Around a quarter of adults in England are classed as obese and the problem is growing.1 Obesity carries some serious health risks. It increases the risk of a whole range of diseases including diabetes, heart disease and several forms of cancer.1 It can also increase the risk of high blood pressure, osteoarthritis and stroke.2
This rise in obesity means that employers need to understand this issue now more than ever. Health and Safety regulations require employers to assess any risks to their staff and take reasonable steps to reduce them, including analysing their workstations.3,4,5 Regulations aside, there are steps employers can take to encourage all employees to be more active or eat more healthily at work.
Employers also need to take into account whether there are any jobs that obese people may find more difficult.6 You may need to take steps to prevent obese staff being bullied or discriminated against in the workplace, as this can sometimes lead to low self-esteem and depression.1
The rise in obesity levels can cause other problems for employers. Being obese can contribute to back problems - a major cause of absence from work.7,8 Obesity-related illnesses such as this can reduce the productivity of your workforce.1,9
Obesity is also linked to sleeping problems which can leave employees feeling tired, leading to lower productivity levels.10,11 This can even be dangerous if your employees are driving or operating heavy machinery.10,11
You may have heard of Ronald Agnew, a 25 stone postman, who was dismissed on health grounds. He won an appeal for unfair dismissal, was re-instated and awarded over £24,000 compensation.
For most employers, the best way to tackle obesity is to encourage a healthy diet and active lifestyle among employees. Below are some suggestions.
Obesity isn’t only a problem in adults; almost a fifth of children under 16 in the UK are obese.1 If your child is overweight it can help if the whole family makes some lifestyle changes. Below are some tips for helping your children keep a healthy weight.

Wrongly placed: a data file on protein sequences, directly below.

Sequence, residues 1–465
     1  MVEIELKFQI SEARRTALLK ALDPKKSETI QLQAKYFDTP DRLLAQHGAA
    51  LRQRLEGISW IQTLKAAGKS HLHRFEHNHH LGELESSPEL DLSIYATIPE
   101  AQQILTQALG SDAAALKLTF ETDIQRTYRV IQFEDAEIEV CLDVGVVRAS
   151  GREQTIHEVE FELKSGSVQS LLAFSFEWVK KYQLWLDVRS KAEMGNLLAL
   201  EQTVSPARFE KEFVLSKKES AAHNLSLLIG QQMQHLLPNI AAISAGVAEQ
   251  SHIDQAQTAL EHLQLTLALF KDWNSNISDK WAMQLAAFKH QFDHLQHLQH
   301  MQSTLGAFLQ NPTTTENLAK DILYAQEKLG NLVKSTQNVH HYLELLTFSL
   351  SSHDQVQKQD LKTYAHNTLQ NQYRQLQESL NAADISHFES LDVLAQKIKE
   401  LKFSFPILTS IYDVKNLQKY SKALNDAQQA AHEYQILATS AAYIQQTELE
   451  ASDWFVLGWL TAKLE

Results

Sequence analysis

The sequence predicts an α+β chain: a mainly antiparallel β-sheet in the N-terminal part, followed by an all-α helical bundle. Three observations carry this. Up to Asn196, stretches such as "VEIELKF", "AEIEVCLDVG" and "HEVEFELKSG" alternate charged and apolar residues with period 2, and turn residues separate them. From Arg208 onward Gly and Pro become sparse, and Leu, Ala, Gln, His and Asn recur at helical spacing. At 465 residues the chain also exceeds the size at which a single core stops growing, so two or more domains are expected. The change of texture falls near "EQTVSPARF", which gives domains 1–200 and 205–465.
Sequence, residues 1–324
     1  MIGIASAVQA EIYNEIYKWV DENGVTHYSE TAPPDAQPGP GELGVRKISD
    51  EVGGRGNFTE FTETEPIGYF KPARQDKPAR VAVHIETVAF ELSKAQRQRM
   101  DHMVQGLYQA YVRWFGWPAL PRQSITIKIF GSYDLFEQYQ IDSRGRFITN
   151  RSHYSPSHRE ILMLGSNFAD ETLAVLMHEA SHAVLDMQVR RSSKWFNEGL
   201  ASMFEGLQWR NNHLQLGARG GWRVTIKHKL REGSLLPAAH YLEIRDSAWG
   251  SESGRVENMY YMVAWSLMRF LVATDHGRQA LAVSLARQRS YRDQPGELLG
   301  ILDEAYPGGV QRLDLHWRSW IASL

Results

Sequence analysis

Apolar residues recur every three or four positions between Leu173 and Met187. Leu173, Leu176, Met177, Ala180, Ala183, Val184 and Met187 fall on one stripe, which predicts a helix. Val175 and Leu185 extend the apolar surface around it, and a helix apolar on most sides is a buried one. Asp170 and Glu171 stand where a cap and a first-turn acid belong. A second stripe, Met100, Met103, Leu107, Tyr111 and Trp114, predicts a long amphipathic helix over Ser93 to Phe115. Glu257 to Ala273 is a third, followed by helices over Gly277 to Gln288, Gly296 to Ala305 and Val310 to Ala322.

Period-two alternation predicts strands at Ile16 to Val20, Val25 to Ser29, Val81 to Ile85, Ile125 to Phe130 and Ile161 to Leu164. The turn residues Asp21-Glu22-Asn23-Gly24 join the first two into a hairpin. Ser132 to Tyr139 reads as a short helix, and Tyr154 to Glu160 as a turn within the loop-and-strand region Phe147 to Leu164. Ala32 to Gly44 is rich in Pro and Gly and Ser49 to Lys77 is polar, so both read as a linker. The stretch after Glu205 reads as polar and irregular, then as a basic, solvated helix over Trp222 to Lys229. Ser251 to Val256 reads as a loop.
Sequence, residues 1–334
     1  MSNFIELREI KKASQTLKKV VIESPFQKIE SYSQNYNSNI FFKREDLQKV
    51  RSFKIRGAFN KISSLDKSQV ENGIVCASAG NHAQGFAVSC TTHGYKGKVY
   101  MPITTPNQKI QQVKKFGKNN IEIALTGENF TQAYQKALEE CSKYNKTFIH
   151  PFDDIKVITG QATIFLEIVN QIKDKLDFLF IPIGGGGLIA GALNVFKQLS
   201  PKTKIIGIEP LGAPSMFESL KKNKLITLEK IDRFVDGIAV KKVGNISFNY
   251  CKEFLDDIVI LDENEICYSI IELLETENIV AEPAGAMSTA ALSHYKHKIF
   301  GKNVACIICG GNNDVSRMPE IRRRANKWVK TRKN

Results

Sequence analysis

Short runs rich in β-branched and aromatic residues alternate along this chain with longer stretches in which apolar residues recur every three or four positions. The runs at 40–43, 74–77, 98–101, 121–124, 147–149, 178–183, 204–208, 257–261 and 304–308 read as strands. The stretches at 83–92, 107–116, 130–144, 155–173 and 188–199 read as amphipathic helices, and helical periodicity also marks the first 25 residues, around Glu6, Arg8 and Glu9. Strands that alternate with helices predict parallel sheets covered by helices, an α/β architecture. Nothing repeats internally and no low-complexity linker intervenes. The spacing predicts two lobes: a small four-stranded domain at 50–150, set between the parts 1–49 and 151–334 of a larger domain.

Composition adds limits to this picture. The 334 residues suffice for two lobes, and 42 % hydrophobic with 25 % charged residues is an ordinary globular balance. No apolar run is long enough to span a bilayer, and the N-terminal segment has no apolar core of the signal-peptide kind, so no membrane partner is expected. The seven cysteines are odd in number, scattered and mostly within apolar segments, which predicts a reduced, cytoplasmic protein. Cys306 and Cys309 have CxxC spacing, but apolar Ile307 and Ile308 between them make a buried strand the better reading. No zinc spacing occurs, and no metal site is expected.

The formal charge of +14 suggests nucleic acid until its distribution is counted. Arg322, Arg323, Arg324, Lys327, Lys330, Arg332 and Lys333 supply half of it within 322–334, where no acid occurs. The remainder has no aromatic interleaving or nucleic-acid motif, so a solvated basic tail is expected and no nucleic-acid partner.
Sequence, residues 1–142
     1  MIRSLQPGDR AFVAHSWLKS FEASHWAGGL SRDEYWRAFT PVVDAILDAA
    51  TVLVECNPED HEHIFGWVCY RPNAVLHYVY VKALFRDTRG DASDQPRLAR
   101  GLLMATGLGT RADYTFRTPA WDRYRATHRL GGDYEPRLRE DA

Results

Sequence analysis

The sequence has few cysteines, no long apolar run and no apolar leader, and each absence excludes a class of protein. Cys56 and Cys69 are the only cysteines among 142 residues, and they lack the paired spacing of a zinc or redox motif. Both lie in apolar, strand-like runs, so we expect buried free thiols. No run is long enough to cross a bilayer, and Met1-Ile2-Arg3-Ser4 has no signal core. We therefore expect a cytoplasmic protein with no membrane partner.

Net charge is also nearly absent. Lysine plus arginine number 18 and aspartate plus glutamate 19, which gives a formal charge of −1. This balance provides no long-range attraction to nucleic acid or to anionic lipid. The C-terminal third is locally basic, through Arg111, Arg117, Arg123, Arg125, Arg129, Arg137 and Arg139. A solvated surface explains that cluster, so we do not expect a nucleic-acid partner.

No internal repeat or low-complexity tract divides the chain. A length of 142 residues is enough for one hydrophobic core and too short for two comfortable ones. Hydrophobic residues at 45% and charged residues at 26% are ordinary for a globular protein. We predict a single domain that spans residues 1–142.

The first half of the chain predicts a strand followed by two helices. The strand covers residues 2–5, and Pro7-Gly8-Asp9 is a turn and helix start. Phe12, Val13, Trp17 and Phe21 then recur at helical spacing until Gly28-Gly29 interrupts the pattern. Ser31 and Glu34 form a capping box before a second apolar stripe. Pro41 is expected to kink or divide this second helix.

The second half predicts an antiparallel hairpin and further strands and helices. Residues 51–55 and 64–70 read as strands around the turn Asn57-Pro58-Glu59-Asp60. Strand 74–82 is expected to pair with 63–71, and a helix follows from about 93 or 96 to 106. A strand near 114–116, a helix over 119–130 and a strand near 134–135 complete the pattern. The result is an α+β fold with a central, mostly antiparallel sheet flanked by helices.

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1 Obesity General Information. Department of Health. www.dh.gov.uk, accessed 05.02.09
2 Ten top tips - weight loss tips based on scientific evidence. Cancer Research UK. www.weightconcern.asp-host.co.uk, accessed 05.02.09
3 Aching arms (or RSI) in small businesses. Health and safety executive. www.hse.gov.uk, accessed 12.01.09
4 Musculoskeletal disorders - risk assessment. Health and safety executive. www.hse.gov.uk, accessed 13.01.09
5 Working with VDUs. Health and safety executive, 2006. www.hse.gov.uk
6 Horizon scanning. Obesity as a workplace issue. Health and Safety Executive. www.hse.gov.uk
7 So why is exercise so good for you? BackCare. www.backcare.org.uk, accessed 09.02.09
8 Back pain and Work. BackCare. www.backcare.org.uk, accessed 09.02.09
9 Laaksonen M, Piha K, Sarlio-Lahteenkorva S. Relative weight and sickness absence. Obesity 2007; 15:465-472. www.nature.com
10 Sleeping Well. The Royal College of Psychiatrists. www.rcpsych.ac.uk, accessed 09.02.09
11 Obesity and Sleep. National Sleep Foundation. www.sleepfoundation.org, accessed 09.02.09
12 Obesity - Guidance on the prevention, identification, assessment and management of overweight and obesity in adults and children. National Institute for Health and Clinical Excellence. www.nice.org.uk, accessed 05.02.09
13 Cycle to Work Scheme implementation guidance. Department for Transport, www.dft.gov.uk, accessed 01.04.09
14 Top tips for top kids. Department of Health. www.dh.gov.uk, accessed 09.02.09
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